This leverage makes spread betting an extremely attractive investing option. But remember that the exposure remains the same – if BP shot up in value by 100 points, the bet will win 100 times the stake level; £100. So while the deposit is low, the profits (or losses) are exactly the same as they would be if 100 shares had been purchased. Deposit levels, and therefore the leverage available, will vary with each market, and each individual stock or index – and it will also vary depending on the betting firm used.

Financial Spread Betting Benefits

As explained, leverage is one of the main draws of financial spread betting. Low deposits mean that an investor can take positions with a value far in excess of their initial stake. There are however, numerous other benefits to these investment instruments.

Tax is one area where spreads gain a massive advantage. Financial bets are treated as any other bet, and no tax is payable on any of the profits. This becomes even more attractive for higher rate tax payers who would be liable for both income tax on dividends, and capital gains tax on any price rise, were they to purchase shares via traditional brokers.

A traditional stock broker would charge commission and levy stamp duty on any trade. These fees are not payable with a spread bet. The only ‘cost’ an investor will face, is the spread itself, that initial difference needs to be made up before any profit can be taken, but with firms competing for business, spreads are becoming tighter and tighter. This removal of trading costs suits the smaller investor who does not want to see fees eating into any profits.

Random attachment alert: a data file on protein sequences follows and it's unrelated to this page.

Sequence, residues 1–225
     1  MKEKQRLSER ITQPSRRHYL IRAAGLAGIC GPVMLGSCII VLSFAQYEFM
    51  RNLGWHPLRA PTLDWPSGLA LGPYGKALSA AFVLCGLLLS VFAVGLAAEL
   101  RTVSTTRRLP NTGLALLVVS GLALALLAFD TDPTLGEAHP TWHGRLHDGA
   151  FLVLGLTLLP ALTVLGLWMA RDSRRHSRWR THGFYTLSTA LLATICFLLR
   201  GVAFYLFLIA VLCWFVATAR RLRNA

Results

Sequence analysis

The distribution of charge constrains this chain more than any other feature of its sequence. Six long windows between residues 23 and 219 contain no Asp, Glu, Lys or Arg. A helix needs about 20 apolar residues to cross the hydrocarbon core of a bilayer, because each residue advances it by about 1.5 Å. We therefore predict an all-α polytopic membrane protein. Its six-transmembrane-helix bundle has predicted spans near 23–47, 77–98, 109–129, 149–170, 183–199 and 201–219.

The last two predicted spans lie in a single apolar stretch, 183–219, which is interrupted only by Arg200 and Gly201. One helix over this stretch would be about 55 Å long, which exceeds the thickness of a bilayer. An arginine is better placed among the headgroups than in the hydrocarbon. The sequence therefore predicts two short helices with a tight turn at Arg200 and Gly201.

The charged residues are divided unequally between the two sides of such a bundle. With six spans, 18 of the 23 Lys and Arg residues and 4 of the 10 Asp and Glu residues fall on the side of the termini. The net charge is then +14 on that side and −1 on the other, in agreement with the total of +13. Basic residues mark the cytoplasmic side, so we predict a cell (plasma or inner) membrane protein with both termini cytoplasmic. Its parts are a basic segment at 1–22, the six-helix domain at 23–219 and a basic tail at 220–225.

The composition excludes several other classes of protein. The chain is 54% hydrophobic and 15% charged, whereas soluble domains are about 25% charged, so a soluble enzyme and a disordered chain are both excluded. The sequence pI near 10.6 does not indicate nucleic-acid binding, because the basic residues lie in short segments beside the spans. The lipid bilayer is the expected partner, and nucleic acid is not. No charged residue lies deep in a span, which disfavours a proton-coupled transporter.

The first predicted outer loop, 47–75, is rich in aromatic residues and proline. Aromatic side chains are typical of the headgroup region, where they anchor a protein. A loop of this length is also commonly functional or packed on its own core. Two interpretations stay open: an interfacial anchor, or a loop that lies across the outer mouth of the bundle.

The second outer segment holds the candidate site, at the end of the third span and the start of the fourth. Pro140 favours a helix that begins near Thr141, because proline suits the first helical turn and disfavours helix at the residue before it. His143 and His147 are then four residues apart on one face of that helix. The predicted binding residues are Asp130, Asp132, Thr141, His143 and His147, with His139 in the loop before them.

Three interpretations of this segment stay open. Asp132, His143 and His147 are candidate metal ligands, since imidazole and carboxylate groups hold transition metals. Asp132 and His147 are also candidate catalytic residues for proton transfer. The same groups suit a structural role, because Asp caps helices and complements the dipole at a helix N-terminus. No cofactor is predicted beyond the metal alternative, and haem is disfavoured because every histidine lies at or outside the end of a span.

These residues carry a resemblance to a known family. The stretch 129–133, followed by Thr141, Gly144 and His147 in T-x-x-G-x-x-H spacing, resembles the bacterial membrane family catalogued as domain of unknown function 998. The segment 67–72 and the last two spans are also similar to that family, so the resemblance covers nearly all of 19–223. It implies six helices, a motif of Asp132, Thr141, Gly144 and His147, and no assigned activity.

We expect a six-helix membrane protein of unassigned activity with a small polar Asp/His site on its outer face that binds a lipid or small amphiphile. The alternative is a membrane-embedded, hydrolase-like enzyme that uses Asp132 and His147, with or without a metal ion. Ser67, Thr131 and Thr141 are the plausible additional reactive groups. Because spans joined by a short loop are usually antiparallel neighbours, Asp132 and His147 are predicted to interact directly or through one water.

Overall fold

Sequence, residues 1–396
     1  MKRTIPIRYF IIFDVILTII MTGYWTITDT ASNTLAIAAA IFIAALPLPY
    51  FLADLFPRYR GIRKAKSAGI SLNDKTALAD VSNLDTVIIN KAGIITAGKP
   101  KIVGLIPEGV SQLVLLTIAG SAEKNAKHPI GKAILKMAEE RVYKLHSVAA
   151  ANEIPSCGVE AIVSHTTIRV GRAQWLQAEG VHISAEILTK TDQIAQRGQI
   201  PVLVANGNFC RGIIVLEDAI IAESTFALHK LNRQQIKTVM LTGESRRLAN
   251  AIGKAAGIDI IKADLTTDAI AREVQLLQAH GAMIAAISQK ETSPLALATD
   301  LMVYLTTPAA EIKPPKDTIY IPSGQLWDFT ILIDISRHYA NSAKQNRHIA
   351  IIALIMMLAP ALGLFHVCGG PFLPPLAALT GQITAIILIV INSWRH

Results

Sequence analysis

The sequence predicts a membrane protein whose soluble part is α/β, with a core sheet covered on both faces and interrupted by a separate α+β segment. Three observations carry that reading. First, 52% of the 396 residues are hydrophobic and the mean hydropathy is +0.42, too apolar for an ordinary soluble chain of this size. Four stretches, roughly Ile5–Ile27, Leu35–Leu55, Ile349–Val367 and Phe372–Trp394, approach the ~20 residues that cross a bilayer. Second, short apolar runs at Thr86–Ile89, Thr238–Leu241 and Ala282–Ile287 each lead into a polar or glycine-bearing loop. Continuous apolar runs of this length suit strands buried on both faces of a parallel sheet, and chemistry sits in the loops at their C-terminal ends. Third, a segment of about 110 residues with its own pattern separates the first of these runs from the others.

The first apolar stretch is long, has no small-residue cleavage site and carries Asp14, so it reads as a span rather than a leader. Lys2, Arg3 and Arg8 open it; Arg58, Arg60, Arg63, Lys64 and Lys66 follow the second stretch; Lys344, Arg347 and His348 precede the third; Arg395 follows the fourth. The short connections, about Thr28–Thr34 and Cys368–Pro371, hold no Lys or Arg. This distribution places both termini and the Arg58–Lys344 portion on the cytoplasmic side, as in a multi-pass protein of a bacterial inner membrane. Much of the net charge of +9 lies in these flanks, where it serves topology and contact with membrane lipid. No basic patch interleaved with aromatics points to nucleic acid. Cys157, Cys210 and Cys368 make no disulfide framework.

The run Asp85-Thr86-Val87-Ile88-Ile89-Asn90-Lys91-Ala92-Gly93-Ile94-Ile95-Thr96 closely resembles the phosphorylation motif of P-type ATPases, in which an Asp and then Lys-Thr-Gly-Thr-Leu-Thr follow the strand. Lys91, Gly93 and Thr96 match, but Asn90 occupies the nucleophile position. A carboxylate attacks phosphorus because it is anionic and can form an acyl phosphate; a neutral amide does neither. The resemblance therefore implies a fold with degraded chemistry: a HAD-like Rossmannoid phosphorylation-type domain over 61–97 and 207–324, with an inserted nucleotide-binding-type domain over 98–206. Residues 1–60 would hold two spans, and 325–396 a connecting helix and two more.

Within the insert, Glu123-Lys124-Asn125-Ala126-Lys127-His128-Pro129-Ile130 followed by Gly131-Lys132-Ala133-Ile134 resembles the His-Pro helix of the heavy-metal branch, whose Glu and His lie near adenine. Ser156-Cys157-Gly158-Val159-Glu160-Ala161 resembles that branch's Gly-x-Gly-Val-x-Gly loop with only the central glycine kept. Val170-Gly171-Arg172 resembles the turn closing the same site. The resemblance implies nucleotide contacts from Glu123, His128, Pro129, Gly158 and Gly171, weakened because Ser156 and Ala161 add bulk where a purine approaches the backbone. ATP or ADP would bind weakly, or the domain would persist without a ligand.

The ability to ‘sell’ (or go short) on a stock is also a fairly unique option for spread bettors. The concept of ‘selling’ an asset that is not actually owned is an odd one, but when betting on the financials it becomes easier to understand – it is simply a bet on the price falling. This makes this type of bet particularly valuable during times of uncertainty or when looking to ‘hedge’ (reduce the risk of) other investments.

While financial spread betting is high risk, it can also be high reward, and investors should certainly consider having a spread betting portfolio.

In future articles we will explore the best firms to open financial spread betting accounts with, and also explain some of the jargon used, such as Stop loss, limits and open orders. We will also look at the different spreads available and how the expiry dates affect the spread.